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Mr. Don Foster : The hon. Member for Plymouth, Devonport (Mr. Jamieson) referred to the two Ministers on the Front Bench as Tweedledee and Tweedledum. I have a grudging affection for them--and for the Secretary of State, who may not be with us for much longer--but I thought that they looked more like the Flower Pot Men as
Column 408they watched the Secretary of State wandering in and out of the Chamber. "Bill and Ben, the Flower Pot Men. Flubberdub. Where did the Little Weed go ?"
The Bill is totally unnecessary and unwelcome. Nevertheless, our debate has brought some welcome developments. Members on both sides of the House have welcomed part II of the Bill, on which the Government have shown some willingness to listen to concerns expressed by people both inside and outside the House, despite the blandishments of the hon. Member for Colne Valley (Mr. Riddick). It was also interesting to hear the Secretary of State apparently welcome the idea of an outside, non-partisan body that would look into some education issues. I am sure that he will join me in welcoming the fact that the Education Commission has secured some additional funding to continue the excellent work that it was doing. I also welcome the Government's admission that the parents charter was not all that it was cracked up to be. I particularly welcome the Minister's remark that one could not rely on a document like that. The vast majority of the damage will be done by part I, which fails to recognise the real problems in the education service. The Government would have done far better to deal with those problems than the issues which they have dealt with in part I. Their energy would have been put to better use in looking at the underfunding of the education service and giving even more impetus to increasing significantly the level of nursery education available to three and four-year-olds. They should have dealt with the desperate need to establish a general teaching council to raise the professional status of teachers rather than to reduce it, as part I does.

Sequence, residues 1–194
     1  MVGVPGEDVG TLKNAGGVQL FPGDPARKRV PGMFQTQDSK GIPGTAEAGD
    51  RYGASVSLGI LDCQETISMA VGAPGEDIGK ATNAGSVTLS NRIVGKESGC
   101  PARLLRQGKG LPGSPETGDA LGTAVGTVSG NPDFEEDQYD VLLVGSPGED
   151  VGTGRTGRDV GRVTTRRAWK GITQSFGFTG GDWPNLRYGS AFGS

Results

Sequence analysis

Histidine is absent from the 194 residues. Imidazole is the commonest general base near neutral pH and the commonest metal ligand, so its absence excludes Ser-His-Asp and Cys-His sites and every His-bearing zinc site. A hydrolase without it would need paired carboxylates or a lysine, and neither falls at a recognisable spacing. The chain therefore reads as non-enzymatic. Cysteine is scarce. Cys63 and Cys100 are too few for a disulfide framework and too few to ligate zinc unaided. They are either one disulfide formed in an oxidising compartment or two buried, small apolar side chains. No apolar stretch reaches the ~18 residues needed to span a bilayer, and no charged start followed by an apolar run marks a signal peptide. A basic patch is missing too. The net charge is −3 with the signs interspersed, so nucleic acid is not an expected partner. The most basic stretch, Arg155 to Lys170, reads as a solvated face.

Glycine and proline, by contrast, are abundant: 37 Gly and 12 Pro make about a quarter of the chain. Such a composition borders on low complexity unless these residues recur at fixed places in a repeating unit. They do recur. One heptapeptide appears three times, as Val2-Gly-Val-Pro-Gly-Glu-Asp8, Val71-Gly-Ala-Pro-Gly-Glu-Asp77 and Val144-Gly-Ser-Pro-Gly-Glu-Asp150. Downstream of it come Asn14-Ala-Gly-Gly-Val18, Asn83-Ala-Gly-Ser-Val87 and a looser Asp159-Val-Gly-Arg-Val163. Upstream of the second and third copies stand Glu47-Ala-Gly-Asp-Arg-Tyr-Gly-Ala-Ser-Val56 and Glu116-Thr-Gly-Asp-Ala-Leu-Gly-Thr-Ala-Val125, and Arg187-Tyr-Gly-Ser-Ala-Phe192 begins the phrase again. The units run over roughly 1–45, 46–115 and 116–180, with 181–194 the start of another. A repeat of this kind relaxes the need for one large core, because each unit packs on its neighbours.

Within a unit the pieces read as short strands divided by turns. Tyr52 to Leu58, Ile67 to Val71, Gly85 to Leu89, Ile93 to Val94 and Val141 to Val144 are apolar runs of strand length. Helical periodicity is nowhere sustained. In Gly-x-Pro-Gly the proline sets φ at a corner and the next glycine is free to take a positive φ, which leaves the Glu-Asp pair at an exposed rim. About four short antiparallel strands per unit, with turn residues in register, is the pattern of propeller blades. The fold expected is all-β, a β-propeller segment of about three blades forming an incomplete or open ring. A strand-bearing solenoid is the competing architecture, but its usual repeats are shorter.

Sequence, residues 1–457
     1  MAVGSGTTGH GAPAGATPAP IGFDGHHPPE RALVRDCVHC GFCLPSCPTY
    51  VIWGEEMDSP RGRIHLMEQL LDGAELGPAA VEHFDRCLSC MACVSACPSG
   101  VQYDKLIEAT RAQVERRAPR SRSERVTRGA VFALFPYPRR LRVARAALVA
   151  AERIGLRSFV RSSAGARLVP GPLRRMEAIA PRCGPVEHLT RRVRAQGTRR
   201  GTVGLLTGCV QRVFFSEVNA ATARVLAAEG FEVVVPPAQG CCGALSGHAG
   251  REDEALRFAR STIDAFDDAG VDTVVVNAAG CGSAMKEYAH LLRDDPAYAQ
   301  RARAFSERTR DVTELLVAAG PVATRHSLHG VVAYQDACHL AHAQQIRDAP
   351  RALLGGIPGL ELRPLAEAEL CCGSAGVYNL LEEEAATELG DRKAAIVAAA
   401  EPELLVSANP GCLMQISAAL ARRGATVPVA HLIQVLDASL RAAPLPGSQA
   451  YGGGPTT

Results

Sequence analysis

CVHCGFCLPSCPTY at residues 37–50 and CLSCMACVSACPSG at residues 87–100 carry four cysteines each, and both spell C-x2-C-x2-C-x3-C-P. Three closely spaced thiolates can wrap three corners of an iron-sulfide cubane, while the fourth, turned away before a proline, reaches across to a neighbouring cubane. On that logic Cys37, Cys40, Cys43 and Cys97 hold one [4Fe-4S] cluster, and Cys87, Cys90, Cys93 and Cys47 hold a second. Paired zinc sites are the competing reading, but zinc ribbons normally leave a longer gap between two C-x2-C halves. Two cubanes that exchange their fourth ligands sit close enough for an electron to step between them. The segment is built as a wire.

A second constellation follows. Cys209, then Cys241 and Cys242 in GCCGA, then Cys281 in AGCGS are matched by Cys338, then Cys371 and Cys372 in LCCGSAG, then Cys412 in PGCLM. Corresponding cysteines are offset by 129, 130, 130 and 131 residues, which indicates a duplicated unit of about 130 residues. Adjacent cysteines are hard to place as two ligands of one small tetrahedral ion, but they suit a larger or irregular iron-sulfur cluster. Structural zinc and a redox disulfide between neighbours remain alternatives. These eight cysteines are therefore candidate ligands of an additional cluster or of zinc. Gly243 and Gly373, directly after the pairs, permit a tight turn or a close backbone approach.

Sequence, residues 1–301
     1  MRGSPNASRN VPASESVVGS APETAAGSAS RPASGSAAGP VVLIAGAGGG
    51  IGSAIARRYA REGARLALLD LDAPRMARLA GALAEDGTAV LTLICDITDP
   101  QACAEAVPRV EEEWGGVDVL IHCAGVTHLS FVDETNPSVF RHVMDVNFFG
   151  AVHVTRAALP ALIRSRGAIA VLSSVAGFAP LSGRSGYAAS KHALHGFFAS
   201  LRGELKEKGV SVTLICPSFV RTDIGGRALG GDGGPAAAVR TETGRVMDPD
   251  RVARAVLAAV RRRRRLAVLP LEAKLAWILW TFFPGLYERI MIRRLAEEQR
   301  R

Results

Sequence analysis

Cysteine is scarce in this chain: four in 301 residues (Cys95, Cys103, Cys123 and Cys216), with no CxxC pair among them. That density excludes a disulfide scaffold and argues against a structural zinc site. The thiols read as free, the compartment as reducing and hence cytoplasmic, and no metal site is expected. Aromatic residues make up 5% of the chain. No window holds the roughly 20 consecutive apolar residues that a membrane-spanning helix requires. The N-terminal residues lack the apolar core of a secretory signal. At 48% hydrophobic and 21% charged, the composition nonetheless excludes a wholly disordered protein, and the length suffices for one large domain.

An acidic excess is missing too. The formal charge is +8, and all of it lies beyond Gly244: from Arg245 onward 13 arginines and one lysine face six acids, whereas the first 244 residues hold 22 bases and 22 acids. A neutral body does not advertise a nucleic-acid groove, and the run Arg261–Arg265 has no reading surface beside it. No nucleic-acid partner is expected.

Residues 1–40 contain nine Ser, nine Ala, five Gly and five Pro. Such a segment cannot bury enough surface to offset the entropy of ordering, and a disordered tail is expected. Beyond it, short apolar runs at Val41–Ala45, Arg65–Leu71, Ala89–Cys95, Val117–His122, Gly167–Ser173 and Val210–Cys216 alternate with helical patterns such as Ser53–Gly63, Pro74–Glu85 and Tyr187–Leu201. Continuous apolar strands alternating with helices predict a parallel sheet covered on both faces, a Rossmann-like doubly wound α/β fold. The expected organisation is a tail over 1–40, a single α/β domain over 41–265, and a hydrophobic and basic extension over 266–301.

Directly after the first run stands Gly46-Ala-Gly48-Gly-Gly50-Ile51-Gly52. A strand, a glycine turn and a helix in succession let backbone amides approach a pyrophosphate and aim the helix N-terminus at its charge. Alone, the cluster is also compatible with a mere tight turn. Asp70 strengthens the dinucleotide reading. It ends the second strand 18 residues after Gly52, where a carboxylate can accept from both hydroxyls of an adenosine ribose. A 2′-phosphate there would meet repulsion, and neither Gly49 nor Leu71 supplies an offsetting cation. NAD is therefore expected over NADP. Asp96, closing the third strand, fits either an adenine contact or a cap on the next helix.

Part I is also dangerous. For example, it introduces into our education service yet another unelected, remote, undemocratic quango. More than 55 per cent. of all central Government expenditure on education is now through quangos. People are concerned about the denial of the democratic principle by those quangos, not least when they see that their membership is solely in the hands of the Secretary of State, who will appoint between eight and 12 faceless men and women who will meet in secret and not be answerable to Parliament. They could certainly never claim to represent an independent or credible organisation.
The Secretary of State assured us that the Bill would not give him any additional powers. He continually tells us that he has moved power from the hub of the wheel to the rim of the wheel, yet, as recently as today, he demonstrated effectively the way in which the Bill gives him significantly increased power.
The Secretary of State was pleased to be able to announce as recently as today a new initiative in respect of OFSTED, whereby he would use his powers under clause 7 of the Bill to dictate that OFSTED should be allowed to visit organisations and institutions and that, if they did not let it in, no funds would be available. The clause provides :
"The Secretary of State may make grants to the funding agencies of such amounts and subject to such terms and conditions as he may determine."
That two-line part of the clause shows the enormous power that the Secretary of State will gain from the Bill.